With sleek styling and affordable pricing, the 2019 Kia Stinger is unlike most other sports sedans on the market. Its hatchback design creates a roomy interior and imbues it with spacious cargo-carrying ability. The Stinger checks several important boxes for a car in this segment, with a punchy turbocharged four-cylinder engine or a powerhouse twin-turbo V-6 coupled to either rear- or all-wheel drive. While this self-professed BMW 3-series fighter may lack the refinement and composure near its handling limits that make certain other cars in the entry-luxury class so excellent, it does offer plenty of power, serious quickness, and an unusual but entirely pleasing exterior design—and all at a hugely attractive price. It's a social climber in the best possible sense.
What's New for 2019?
Kia keeps the Stinger's updates to a minimum for 2019 by simply adding new standard features and reshuffling equipment. The entry-level model adds standard 18-inch wheels as well as a blind-spot monitor and rear cross-traffic alert. The Sun and Sound package, which brings a sunroof, premium audio system, larger touchscreen, and LED headlights, is now available on the base model, too. The rear-drive GT (the GT models have the twin-turbo V-6) receives a standard limited-slip differential for improved traction. Wireless charging and ventilated front seats are now included on every Premium and GT1. Finally, every Stinger GT2 comes with a 360-degree camera and heated rear seats. The Stinger GTS–which features a tire-abusing drift mode–will join the lineup in 2020.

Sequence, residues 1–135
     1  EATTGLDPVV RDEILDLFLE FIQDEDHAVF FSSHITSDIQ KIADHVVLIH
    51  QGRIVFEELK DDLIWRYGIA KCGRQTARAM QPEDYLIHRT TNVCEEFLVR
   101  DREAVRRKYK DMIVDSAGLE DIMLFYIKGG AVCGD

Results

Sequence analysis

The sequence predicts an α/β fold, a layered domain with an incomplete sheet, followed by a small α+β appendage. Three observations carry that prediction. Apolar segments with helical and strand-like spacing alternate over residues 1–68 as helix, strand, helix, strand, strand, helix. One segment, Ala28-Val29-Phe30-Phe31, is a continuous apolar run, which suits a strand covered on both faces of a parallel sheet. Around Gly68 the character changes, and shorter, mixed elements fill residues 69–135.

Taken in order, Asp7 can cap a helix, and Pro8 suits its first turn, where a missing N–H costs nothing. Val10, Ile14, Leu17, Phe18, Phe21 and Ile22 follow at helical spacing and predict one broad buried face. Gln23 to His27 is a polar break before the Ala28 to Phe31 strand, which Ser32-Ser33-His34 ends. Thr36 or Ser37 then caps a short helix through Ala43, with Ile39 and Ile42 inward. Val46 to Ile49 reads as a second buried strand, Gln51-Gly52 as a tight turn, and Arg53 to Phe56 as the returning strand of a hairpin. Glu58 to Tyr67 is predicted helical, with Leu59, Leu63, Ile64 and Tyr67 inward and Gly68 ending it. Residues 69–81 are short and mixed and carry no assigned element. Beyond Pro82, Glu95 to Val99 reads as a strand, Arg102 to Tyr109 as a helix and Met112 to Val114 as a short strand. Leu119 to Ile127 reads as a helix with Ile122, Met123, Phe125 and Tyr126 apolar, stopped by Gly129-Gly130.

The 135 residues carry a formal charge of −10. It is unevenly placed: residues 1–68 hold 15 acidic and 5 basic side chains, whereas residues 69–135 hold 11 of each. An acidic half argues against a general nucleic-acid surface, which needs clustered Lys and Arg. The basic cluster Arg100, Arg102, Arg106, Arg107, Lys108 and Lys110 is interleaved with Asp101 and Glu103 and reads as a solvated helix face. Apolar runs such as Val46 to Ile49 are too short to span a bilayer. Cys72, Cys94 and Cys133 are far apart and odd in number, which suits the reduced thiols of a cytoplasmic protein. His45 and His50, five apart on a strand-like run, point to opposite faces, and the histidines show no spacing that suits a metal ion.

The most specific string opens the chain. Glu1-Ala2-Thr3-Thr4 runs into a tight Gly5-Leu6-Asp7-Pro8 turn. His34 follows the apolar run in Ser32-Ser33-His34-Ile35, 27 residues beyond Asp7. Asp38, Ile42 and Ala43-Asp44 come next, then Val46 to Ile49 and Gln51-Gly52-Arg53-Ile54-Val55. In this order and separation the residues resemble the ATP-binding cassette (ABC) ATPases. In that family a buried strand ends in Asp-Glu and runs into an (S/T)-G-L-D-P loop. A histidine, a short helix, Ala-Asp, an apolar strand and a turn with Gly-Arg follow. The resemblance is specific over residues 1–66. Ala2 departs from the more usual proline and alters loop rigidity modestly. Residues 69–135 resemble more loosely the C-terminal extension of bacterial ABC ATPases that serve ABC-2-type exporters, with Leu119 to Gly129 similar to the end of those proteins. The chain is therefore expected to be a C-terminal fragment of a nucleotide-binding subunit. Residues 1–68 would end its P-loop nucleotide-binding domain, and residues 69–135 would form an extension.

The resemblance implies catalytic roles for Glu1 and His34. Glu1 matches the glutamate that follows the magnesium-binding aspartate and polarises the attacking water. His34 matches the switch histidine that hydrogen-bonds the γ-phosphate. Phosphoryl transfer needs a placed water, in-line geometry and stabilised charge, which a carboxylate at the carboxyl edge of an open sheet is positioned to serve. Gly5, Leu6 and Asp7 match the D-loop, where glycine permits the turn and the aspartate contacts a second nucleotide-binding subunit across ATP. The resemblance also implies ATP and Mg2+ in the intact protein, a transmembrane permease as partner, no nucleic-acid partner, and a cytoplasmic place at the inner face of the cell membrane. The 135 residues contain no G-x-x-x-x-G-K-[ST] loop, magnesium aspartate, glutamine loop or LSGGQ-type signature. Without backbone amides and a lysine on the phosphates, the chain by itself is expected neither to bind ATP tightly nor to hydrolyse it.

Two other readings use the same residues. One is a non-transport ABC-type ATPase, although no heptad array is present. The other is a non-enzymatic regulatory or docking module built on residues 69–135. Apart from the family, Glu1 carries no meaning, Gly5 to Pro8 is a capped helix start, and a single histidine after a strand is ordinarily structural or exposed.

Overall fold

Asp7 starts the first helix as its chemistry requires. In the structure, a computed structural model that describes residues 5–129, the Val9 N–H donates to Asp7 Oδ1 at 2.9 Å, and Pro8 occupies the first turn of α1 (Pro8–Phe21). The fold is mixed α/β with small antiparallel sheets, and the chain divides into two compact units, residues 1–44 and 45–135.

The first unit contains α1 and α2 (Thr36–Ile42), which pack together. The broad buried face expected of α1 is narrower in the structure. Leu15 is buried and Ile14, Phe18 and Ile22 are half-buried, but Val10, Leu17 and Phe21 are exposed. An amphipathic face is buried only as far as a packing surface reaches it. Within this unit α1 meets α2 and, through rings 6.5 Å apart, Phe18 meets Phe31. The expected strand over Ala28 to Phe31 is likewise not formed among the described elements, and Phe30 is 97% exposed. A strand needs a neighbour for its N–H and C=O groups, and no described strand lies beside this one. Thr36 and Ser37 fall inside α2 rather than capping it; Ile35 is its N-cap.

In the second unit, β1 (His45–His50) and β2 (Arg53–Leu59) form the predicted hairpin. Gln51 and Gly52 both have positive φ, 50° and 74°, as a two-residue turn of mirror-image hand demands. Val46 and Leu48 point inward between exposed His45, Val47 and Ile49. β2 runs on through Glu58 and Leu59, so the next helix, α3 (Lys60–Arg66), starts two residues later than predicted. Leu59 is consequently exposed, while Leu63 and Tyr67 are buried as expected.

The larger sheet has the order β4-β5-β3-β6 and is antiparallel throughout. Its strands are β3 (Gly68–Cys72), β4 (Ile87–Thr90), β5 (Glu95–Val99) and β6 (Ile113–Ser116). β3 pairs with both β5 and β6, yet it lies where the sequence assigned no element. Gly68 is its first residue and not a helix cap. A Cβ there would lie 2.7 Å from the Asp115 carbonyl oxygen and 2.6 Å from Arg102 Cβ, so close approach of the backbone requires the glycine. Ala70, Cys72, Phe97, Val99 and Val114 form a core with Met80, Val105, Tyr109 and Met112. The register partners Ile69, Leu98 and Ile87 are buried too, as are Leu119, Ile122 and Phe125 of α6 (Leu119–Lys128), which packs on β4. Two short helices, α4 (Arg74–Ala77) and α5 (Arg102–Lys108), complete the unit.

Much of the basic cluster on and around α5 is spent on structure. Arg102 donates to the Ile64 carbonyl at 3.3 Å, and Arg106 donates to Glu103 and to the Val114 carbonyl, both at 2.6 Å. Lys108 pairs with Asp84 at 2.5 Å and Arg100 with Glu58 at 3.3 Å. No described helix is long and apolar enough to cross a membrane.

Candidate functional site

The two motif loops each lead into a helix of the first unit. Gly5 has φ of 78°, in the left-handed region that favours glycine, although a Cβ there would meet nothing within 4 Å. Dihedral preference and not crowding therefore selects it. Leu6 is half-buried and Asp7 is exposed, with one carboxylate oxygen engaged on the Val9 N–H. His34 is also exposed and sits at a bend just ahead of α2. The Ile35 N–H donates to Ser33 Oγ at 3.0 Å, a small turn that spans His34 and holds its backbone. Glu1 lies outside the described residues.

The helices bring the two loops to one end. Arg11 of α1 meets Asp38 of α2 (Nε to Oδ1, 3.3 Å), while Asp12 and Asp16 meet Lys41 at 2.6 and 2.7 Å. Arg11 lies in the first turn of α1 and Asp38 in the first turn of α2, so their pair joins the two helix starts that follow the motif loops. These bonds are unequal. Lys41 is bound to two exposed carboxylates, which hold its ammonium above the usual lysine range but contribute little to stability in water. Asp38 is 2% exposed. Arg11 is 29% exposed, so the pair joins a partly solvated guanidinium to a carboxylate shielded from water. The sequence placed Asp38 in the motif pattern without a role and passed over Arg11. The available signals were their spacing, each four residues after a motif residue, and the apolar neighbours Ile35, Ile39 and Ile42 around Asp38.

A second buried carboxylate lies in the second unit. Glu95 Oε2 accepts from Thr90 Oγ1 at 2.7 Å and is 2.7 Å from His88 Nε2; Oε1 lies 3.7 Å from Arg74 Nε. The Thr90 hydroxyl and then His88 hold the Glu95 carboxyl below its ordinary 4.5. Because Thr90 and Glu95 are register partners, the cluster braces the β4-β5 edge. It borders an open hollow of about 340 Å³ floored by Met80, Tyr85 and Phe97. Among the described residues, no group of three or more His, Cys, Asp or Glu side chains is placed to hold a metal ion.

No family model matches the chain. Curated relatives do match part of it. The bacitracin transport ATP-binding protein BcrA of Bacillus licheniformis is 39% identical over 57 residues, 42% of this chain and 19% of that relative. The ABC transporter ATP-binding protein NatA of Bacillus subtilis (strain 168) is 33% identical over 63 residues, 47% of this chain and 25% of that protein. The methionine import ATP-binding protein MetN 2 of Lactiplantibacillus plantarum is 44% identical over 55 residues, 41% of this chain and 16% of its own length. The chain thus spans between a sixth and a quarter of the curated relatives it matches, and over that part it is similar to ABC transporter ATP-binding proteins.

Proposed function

Pricing and Which One to Buy
- 2.0L: $33,895
- 2.0L Premium: $40,095
- GT: $40,095
- GT1: $46,095
- GT2: $50,985
The Stinger's entry-level four-cylinder model would represent a compelling mix of features and value for most drivers, but as enthusiasts, we'll pin our fortunes to the Stinger GT. That model comes with the 365-hp twin-turbo V-6 and several premium features, including Brembo brakes, 19-inch wheels with high-performance summer tires, and variable-ratio steering. Stepping up to the GT1 trim adds a larger infotainment system with navigation, adaptive dampers, a 15-speaker audio system, and memory settings for the driver's seat, among other features. However, that version is too pricey for our blood. Adding all-wheel drive to any Stinger tacks on an extra $2200.